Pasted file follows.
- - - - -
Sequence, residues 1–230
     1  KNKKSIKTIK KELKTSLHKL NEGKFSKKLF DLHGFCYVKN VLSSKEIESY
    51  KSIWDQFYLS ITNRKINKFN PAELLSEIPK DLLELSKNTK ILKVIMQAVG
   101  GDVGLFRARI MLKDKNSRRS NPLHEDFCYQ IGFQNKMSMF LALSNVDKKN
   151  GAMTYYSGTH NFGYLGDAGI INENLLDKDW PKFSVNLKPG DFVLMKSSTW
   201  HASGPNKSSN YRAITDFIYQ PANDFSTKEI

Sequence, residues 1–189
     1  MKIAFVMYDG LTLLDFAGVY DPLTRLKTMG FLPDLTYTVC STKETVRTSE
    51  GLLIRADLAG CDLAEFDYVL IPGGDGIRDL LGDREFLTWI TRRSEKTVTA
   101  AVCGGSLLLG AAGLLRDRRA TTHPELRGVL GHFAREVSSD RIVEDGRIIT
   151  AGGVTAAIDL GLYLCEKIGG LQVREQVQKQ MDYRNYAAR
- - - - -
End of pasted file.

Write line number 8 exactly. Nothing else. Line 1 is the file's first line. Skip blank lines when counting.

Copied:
     1  MKIAFVMYDG LTLLDFAGVY DPLTRLKTMG FLPDLTYTVC STKETVRTSE